27 January 2011
South Africa’s economy is projected to grow by 3.4% in 2011, down 0.1 percentage points from previous projections, the International Monetary Fund (IMF) says in its latest World Economic Outlook.
The South African economy is expected to grow by 3.8 percent in 2012, also down by 0.1 percent from previous projections, according to the report released on Tuesday.
The IMF’s projection for growth in 2011 is in line with that of the South African Reserve Bank, which last week adjusted its figures for 2011 for growth to reach 3.4 percent. The central bank left its projection for 2012 unchanged at 3.6 percent.
Private demand, capital inflows
According to the IMF report, growth in emerging and developing economies remained robust in the third quarter of 2010, buoyed by well-entrenched private demand, still accommodative policy stances, and resurgent capital inflows.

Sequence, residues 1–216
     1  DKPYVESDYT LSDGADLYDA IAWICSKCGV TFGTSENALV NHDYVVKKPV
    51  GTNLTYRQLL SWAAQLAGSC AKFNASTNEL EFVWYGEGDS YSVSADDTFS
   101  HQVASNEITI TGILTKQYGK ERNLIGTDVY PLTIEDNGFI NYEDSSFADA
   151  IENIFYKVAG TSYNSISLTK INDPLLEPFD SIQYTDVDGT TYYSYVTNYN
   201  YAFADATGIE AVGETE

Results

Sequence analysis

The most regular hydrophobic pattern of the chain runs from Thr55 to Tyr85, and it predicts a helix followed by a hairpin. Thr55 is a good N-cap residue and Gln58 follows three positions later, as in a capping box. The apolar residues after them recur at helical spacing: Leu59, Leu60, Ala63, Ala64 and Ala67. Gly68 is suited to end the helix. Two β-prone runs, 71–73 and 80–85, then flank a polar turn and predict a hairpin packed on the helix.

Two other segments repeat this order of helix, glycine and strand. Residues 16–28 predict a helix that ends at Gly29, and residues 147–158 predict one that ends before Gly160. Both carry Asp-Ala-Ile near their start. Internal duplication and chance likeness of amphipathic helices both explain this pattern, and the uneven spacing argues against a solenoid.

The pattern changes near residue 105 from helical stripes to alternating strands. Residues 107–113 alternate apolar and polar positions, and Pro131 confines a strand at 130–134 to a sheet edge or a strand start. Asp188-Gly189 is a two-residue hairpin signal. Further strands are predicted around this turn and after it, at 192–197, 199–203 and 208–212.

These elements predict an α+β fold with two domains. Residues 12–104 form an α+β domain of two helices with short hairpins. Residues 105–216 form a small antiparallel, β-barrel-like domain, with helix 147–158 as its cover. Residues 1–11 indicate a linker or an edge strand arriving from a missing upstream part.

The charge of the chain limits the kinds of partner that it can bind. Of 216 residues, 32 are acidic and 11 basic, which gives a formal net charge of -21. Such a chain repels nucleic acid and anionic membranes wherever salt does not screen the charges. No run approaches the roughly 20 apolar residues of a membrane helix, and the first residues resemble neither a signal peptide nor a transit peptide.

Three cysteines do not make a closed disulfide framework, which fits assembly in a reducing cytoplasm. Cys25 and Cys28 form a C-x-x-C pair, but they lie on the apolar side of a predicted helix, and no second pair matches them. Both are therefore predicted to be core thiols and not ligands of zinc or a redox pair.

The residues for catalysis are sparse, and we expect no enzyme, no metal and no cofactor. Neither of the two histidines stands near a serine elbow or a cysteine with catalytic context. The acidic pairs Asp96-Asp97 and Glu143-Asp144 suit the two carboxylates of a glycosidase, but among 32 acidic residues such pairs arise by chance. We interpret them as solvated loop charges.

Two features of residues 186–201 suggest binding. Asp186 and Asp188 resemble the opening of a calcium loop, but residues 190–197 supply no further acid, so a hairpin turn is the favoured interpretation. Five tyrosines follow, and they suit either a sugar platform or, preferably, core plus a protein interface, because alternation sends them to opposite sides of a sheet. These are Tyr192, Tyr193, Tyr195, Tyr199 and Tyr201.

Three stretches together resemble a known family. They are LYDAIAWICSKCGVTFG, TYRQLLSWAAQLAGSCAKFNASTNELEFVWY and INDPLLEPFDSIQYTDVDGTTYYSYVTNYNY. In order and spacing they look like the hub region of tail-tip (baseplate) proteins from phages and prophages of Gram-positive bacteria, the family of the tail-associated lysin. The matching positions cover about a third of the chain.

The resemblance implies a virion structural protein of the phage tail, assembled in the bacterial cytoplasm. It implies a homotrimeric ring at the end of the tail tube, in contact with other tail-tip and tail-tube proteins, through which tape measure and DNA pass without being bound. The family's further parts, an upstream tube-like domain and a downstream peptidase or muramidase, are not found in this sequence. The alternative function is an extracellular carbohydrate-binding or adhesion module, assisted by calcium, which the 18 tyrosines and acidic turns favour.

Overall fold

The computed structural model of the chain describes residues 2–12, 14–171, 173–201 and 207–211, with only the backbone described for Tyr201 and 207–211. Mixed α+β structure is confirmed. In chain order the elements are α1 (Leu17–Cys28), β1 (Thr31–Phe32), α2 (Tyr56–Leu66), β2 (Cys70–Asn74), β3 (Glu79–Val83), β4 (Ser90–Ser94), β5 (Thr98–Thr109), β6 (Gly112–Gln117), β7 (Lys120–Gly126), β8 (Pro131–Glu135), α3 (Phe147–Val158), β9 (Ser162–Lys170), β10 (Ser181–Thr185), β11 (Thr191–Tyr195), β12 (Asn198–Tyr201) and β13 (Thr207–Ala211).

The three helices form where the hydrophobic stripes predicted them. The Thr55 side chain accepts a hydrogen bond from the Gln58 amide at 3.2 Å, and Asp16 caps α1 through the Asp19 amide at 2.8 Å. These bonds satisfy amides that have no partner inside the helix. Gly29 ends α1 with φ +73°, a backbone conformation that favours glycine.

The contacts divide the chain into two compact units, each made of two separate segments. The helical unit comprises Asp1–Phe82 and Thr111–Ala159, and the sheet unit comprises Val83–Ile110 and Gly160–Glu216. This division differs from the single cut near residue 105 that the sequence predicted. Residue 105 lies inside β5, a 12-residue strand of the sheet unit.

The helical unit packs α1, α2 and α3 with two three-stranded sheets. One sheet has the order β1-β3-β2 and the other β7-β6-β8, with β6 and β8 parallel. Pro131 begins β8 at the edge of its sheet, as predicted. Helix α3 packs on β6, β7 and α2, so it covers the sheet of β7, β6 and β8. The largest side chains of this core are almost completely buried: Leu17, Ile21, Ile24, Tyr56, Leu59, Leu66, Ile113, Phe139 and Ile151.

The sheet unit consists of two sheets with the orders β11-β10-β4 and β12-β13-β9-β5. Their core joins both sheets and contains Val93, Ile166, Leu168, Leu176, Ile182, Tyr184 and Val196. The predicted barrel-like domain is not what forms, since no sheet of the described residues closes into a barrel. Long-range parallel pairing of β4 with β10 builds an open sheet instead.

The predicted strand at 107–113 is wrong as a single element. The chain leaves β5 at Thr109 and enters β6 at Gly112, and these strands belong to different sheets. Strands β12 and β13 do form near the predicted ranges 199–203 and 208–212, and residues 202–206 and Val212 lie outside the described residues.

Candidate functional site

The IMF said that countries in sub-Saharan Africa had recovered quickly from the global economic meltdown, with the region projected to grow 5.5 percent in 2011.
“But the pace of the recovery has varied within the region,” the IMF said. “Output growth in most oil exporters and low-income countries is now close to pre-crisis highs.
Trade, unemployment hamper growth
“The recovery in South Africa and its neighbours, however, has been more subdued, reflecting the more severe impact of the collapse in world trade and elevated unemployment levels that are proving difficult to reduce.”
Growth in emerging and developing economies is expected to remain buoyant at 6.5 percent – a modest slowdown from the seven percent growth registered last year. Asia, however, continues to grow rapidly, the IMF said.